I don't think I have posted this before, maybe I have. I read it on Ila's blog...and wanted to share. Sometimes I think that because it has been nearly two years that we have gone without having to actively be in this fight...that I am not longer one of "these" moms. But, the truth of the matter is, I will always be one of "these" moms. And, although I would have rather Charli not suffer...and I would rather not live with the daily agony of the unknown...I am honored that I am one of "these" moms. I have learned so much from this journey...and while I know we are one of the very lucky families out there, and we don't even know a fourth of what "it" could have been like...we still know. I read this poem and I thought - please God I hope I never have to be snapped back into this world...but God forbid it happens, I know we can do it because He has surrounded us with amazing people to lift us up and make it possible for us. For that, we thank YOU.
I belong to a special group of women
My friends and I have an amazing bond.
We never wanted to be in this group,
Yet we are in, for life.
Maybe we have met,
maybe we haven’t,
Yet our love for each other is boundless.
We know the pain the other one feels,
And we share our victories small or huge.
Words like chemo, IV, Zofran , bald heads
Are always parts of our conversations,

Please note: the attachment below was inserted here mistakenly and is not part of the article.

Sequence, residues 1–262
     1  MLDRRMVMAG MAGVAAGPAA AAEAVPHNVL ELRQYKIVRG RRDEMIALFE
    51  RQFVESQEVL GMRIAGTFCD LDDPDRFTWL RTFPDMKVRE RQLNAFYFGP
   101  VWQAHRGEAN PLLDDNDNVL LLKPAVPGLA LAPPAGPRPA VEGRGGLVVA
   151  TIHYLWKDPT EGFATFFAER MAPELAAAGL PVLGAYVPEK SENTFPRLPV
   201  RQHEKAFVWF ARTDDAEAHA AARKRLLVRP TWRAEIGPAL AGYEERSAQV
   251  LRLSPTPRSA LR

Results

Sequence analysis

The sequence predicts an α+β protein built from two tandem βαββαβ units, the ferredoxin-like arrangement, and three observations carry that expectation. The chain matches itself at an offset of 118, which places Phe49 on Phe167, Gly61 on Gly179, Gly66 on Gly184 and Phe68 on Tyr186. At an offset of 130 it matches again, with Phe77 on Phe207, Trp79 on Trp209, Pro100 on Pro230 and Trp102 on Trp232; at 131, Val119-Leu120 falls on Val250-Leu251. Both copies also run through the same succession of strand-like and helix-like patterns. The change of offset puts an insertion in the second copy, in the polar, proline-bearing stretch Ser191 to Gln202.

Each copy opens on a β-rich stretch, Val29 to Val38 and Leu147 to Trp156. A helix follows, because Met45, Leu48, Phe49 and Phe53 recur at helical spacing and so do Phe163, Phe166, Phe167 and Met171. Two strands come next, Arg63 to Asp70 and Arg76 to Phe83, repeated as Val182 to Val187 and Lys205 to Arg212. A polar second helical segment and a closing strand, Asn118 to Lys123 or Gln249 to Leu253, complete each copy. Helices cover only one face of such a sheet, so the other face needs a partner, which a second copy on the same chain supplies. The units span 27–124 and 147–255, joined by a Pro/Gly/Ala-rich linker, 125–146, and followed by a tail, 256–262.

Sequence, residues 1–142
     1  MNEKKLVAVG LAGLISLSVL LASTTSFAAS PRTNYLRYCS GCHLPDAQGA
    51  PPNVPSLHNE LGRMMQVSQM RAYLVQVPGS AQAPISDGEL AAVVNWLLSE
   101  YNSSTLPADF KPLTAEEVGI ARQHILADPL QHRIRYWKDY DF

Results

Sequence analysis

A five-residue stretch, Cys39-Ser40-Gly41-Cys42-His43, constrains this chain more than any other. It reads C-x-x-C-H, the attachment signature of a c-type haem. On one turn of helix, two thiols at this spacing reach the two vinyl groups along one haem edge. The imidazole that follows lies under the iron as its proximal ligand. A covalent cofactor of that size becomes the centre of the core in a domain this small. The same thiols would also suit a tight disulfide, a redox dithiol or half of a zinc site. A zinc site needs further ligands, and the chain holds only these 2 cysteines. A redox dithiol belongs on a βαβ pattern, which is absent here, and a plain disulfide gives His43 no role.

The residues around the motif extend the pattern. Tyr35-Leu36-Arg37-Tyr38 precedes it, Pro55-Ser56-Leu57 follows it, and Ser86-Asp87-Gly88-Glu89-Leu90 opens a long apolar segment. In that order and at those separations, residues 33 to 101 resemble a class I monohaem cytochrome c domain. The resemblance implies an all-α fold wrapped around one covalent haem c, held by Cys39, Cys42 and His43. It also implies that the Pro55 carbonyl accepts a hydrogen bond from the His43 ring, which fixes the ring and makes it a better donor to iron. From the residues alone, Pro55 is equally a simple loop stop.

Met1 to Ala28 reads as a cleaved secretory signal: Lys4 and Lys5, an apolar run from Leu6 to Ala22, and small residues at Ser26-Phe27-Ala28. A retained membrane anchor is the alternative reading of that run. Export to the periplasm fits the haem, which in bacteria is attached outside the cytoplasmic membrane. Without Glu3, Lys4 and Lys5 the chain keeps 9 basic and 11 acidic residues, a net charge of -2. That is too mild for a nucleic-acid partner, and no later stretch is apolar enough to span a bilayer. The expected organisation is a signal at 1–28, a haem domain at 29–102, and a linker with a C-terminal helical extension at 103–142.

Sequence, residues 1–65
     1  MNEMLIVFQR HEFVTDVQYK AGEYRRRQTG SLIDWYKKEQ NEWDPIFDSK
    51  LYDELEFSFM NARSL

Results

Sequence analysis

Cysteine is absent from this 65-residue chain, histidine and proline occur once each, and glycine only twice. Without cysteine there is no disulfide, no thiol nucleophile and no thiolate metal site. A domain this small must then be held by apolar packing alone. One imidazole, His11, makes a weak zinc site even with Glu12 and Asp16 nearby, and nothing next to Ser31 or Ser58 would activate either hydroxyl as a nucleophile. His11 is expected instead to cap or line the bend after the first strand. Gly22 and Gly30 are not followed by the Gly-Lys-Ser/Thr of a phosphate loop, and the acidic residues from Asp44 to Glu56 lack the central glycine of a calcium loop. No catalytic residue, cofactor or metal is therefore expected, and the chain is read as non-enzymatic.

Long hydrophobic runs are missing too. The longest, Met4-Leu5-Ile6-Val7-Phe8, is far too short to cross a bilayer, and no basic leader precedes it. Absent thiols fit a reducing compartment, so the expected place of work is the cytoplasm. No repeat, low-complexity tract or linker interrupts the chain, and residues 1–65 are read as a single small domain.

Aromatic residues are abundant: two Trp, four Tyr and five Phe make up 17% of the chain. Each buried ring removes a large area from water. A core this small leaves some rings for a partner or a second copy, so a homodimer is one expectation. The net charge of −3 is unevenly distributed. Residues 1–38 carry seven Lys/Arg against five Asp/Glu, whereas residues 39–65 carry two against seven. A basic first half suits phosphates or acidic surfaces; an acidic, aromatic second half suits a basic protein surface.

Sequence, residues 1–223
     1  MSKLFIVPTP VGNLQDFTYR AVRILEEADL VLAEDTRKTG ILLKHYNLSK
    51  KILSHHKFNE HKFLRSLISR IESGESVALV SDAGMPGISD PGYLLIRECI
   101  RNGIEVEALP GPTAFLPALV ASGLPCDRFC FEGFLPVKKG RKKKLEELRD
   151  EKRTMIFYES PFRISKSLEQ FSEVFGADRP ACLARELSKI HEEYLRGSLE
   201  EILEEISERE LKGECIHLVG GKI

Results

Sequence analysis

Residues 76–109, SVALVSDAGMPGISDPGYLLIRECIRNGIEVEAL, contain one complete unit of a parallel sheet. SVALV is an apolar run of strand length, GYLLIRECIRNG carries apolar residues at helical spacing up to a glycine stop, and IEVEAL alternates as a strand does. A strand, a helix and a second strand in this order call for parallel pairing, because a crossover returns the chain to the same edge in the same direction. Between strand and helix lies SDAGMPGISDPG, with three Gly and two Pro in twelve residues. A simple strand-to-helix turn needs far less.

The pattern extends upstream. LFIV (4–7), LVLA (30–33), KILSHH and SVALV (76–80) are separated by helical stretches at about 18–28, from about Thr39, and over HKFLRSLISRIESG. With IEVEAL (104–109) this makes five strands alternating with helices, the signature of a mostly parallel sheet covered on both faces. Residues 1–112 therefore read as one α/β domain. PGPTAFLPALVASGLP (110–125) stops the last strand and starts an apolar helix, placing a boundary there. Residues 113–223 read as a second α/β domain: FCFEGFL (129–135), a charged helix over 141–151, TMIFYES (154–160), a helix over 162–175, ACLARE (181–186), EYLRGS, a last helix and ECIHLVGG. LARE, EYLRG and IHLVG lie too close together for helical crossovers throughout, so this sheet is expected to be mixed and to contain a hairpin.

As well as roidrage, tears, and meltdowns…
We always know where the closest puke bucket is ,
We can hold it in one hand and if necessary,
Swallow the sandwich the other hand was holding.
We can drive to the hospital,
Park in the dark parking garage
Make our way thru the halls of the hospital
And to the appropriate floor,
Settle in a room, turn the TV on,
Give instructions to the head nurse,
Silence loud beeping IV pumps,
Direct a wagon AND an IV pole
To the playroom without hitting anything
Make our way back to the correct room
And all this, mind you,
With our eyes closed at any given time.
We know how to draw blood from lines
Sticking out of little kids chests.
We can hold them down with one hand,
While a nasogastric tube is inserted in their little nose,
And be on the phone with their dads at the same time.
We can live for days on hospital food,
And on maybe only one meal a day.
We know the names of up to 20 different drugs,
Their purpose, dosage and time to be taken.
We are always on call,
24 hours a day,
Seven days a week.
We are used to not always looking our best,
Hard to do with only a few hours of sleep.
Make up, hair styling, skirts are words of the past.
We have become addicted to texting, hospital,
clinic, home, wherever…
We talk sometimes at all hours of the night,
We know we can count on someone to be up.
Then for one of us, the world stops .
She has to walk away, broken.
This job is over.
The job is over, but the fight is on.
Remember, I said we were in this forever.
We are friends, sisters, temporary nurses,
We are each others rock, each others punching bag,
We listen, we vent, we cry, we laugh together.
We share our lives and our deaths
We share our pain and our victories.
We are strong, but not by choice,
Sometimes we win, sometimes we lose,
But never are we defeated.
We are not nurses
We are not doctors,
We are cancer moms…
(found on another NB child's site)